Saudi Arabia is known to be one of the most conservative countries in the world. Saudi people, nonetheless, are a mixture of those who are conservative and others who are moderate in addition to the liberals who are the minority. Because the conservatives considerably outnumber people with other Islamic views, Saudi Arabia is easily perceived by foreign visitors to be entirely strict. The advice and precautions given to foreigners regarding their stay in Saudi Arabia is an extra reason that supports that impression.
Although the Saudi government has opened the country lately to receive visitors outside the Haj pilgrimage season and, in fact, encouraged foreign delegations to make visits to both the private and the public sectors in so far as the Saudi Parliament and Ministry of Interior; there were recent visits made by mixed gender delegations to those two, yet laws and regulations entailed in these visits remain vague and confusing. With the exception of clear-cut laws regarding alcohol and drugs, nothing else is clearly defined. Among those who have visited Saudi Arabia, each and every one had a different story to tell. For example, some females were obligated to cover their hair where others weren’t. Also some male and female business associates were able to ride a taxi together or dine together and others weren’t. Some regions within the country were more lenient in enforcing those regulations than other regions, the thing that added more to the confusion factor. If the visitors are lucky, they will receive firsthand experience from a former visitor to the same region. Otherwise, they will be lost Googling forums and reading contradicting stories.
Visitors of that sort are usually reluctant to answer the call to visit Saudi Arabia from what they hear from friends and relatives with experience or even what the media projects. Once they arrive to the country had they taken the brave decision to visit, they arrive with an impression that Arabic is not only the main language but also the only language spoken. Although many Saudis speak English, it is not that easy to find someone who does in the streets or in public places where and when those visitors need it the most. The quite distinctive conservative Saudi uniform for both males and females which most visitors are unfamiliar with, plus the language barrier limit the freedom to interact with locals or even ask for help or directions.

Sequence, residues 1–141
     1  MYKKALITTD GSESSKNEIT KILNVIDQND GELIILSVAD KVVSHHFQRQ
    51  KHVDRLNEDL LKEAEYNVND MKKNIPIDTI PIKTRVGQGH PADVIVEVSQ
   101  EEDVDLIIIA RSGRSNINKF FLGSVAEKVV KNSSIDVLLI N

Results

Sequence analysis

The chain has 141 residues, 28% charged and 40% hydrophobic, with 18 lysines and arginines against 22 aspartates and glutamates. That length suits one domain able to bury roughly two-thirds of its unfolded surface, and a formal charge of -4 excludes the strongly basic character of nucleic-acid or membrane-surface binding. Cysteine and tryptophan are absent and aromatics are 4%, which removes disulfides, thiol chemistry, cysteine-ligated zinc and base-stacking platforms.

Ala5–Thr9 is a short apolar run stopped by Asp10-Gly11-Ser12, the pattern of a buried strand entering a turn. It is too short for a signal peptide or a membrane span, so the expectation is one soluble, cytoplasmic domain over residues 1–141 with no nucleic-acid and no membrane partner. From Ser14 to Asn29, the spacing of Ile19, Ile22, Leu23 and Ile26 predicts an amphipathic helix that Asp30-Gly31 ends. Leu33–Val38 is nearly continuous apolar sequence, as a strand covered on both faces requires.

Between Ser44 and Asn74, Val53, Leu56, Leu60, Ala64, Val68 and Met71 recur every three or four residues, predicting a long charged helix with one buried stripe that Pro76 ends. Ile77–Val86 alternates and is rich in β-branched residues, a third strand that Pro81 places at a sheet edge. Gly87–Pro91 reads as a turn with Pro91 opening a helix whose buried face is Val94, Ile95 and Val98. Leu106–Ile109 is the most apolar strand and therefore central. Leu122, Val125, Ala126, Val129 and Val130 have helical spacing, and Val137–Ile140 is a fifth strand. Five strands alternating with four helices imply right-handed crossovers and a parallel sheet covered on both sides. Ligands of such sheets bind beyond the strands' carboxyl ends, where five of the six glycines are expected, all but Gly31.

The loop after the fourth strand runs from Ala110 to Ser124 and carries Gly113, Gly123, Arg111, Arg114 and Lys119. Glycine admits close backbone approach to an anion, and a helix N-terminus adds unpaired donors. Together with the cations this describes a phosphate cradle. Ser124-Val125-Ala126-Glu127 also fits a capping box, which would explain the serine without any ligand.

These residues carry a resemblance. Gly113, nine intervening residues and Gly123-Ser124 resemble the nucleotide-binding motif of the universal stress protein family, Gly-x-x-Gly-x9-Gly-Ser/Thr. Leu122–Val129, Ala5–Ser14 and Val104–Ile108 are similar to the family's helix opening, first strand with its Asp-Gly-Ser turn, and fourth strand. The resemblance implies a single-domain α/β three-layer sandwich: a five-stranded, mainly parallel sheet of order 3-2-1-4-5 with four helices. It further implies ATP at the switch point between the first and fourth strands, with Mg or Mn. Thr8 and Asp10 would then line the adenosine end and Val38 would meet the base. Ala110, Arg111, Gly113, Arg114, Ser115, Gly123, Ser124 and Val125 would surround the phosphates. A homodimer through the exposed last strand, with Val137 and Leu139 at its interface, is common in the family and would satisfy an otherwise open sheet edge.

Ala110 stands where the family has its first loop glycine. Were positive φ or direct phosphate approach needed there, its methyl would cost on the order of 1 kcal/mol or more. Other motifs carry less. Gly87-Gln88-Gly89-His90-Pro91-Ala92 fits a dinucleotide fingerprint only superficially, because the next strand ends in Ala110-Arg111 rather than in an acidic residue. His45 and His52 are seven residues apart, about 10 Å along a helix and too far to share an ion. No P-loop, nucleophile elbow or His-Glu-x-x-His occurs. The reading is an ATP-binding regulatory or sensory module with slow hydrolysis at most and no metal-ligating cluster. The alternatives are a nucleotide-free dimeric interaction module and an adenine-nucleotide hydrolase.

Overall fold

The Saudi government realizes the significance of opening up to the world and to be a part of it. How the Kingdom is perceived by the outside world, and not only governments, started only recently to be part of their agenda. Thus, the government has begun to take some steps in that direction. Those steps, however, are rather reserved and lack moderation.
That being said, I wonder why the Saudi government does not put together a booklet with standard rules for foreign visitors that are accessible and implemented all across the kingdom. Worth mentioning is that those rules should be softened for those who are non-Muslim in a way that both guarantees respect for the Saudi culture as well as the visitors’ personal freedoms. Allowing visitors who are on the same delegation to ride together can be a start.